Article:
Good Boy master playfulness with a razor sharp edge on No Love For Back Home

A bunch of boys from Brissy called Good Boy have impressed many with a few singles they’ve released over the last two years. Transparency, Waste Days or Ease Your Temper and No Love Back Home are all killer tunes that have led the indie rock three-piece to some awesome opportunities, one of these being the Triple J Unearthed artist chosen to open the Brisbane leg of St Jerome’s Laneway Festival earlier this year.

Now, the boys will be taking your fancy with their debut six track EP No Love For Back Home featuring all three of the singles, and although they only offer three new tunes, they’ll tickle your ears for sure, undoubtably leaving with you an urge to hear more.

Good Boy

One of the most anticipated debut EPs of the year, No Love For Back Home is a slice of tight indie rock from Good Boy.

Immediately what Good Boy master is the playfulness of the bass that locks itself into place with the guitar – it all just works neat and tidy. Not enough bands these days take full advantage of the melodic and rhythmic ability of the bass that allows this ‘locking in’ to happen. To hear a band that features a tight sound that skilfully plays with countermelody and counter-rhythms and almost seamlessly locks into one motion are two things that too many bands are missing. The bass isn’t just there to hit the root of the chords, my friends.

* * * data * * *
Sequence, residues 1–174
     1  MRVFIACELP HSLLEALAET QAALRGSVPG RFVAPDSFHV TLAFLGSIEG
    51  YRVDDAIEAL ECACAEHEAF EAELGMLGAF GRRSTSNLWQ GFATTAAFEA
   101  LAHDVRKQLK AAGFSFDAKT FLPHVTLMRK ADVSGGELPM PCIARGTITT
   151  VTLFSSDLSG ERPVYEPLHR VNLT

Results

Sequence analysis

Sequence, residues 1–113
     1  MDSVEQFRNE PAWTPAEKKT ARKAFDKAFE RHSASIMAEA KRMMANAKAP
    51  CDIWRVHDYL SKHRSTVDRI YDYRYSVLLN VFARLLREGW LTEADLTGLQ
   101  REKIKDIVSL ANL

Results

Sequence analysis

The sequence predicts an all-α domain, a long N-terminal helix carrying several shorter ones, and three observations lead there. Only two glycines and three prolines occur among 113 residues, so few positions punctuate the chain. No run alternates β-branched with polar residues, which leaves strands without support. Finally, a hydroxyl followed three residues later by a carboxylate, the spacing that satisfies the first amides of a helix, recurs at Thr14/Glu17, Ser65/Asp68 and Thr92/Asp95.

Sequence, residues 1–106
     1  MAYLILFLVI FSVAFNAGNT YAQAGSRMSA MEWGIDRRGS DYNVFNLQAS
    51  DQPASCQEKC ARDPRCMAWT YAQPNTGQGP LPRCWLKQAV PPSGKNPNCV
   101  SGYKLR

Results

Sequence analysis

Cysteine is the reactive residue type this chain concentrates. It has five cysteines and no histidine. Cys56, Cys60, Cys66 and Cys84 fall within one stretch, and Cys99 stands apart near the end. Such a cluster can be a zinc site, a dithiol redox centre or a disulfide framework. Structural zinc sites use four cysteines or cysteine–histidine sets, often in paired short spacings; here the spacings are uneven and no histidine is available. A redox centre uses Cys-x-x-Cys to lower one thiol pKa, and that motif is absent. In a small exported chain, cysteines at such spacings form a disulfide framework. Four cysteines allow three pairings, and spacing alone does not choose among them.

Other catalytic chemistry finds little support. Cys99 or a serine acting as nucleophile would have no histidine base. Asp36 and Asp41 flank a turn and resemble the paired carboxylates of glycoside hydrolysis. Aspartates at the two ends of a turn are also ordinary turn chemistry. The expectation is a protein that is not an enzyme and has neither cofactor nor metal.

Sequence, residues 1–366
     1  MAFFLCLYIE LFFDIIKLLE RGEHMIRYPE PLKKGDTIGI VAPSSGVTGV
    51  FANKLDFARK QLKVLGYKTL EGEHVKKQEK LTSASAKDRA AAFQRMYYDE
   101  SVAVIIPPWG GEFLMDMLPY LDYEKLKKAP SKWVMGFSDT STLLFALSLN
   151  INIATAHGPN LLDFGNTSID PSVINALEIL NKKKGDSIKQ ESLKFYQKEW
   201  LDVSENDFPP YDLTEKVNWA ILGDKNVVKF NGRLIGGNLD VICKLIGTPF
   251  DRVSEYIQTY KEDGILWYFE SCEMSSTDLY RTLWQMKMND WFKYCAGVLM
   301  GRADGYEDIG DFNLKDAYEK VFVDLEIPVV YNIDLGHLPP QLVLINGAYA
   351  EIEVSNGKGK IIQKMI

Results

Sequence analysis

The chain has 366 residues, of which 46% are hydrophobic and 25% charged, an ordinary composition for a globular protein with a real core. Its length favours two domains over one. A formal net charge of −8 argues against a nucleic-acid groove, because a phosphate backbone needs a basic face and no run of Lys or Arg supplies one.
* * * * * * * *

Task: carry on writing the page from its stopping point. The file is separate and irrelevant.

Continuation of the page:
Opener, Punch To The Gut has a humbled feel to it, as well as a tad of well-justified anger. Frontman Rian King is frustrated with someone – ‘A punch to the gut/a kick to the psyche‘ – and you can totally feel his exasperation, spurred on by the bristling, repeated chorus that chants ‘What!? How!? You would know!’ with the power of a football crowd.

Both Punch to the Gut and Green Dress showcase some pretty tight work on the high-hats from the drummer, Stu McKenzie, which is encircled by some super catchy riff work from Tom Lindeman – one of the things that sets Good Boy apart from the deluge of run-of-the-mill indie bands out there. The solid bass foundations of King completes the holy trinity within Good Boy which create a concrete platform for melodic elements to fall upon and grooves to work off.

Higher is an awesome jam that features some clever syncopation and powerful, George Of The Jungle tom work. The tune slips in as a neat, light-hearted intermissive jam in the that nicely bridges the other, possibly more heavy-themed songs together.

No Love For Back Home is a solid debut EP that spotlights some great aspects of Good Boy’s sound. It’s tough to be unique amongst many a sea of other bands that are all doing something in the same vein, but Good Boy have a spark that illuminates them above so many others.